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Mainstream, VOL LIX No 11, New Delhi, February 27, 2021

Interpreting Contemporary India | Arup Kumar Sen

Saturday 27 February 2021, by Arup Kumar Sen

The eminent anthropologist, Talal Asad, in his published interview in 2007, made some seminal arguments. He argued:

It is precisely in a secular state - which is supposed to be totally separated from religion — that it is essential for state law to define, again and again, what genuine religion is, and where its boundaries should properly be...The state (a political entity/realm) has the function of defining the acceptable public face of “religion”.

Asad further observed how religion could be an organic part of secular statecraft: “There are clear rules in the United States about the separation of state and religion, but that doesn’t prevent “nonsecular” interventions in the politics of the present regime. As we all know, the Christian Right is at the heart of the Bush government”. (See Nermeen Shaikh, The Present as History: Critical Perspectives on Global Power, Columbia University Press, 2007)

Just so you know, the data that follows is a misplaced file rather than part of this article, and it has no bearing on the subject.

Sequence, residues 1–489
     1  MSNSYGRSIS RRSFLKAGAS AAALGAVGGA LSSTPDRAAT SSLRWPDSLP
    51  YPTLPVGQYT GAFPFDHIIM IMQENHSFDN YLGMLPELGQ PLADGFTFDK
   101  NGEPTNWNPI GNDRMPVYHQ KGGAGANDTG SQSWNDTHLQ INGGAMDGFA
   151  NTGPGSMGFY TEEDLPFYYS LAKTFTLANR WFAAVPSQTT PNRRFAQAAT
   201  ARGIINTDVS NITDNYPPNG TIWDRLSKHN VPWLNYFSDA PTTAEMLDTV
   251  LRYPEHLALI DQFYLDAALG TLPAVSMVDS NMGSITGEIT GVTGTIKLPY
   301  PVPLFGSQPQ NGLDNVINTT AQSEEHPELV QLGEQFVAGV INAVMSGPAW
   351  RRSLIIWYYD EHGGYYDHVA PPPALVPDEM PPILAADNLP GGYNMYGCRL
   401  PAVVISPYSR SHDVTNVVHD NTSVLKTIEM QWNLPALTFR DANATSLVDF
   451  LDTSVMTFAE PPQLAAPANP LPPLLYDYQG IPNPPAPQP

Talal Asad’s critique of secular statecraft is very much relevant in the present context of India. We have a secular Constitution, which categorically denied discrimination of citizens on the basis of religion. However, it is the State Power which is defining the “genuine religion” in contemporary India.

Dr. B. R. Ambedkar is the chief architect of the Constitution of India. However, he had no illusion that the Constitution itself would guarantee our liberty and freedom of expression. In his last speech in the Constituent Assembly (November 25, 1949), Ambedkar said: “...The Constitution can provide only the organs of State such as the Legislature, the Executive and the Judiciary. The factors on which the working of those organs of the State depend are the people and the political parties they will set up as their instruments to carry out their wishes and their politics”.

Reading Dr. B. R. Ambedkar together with Talal Asad clarifies our understanding of what is happening in contemporary India under BJP rule. Moreover, it enlightens us about the interface between religion and politics.

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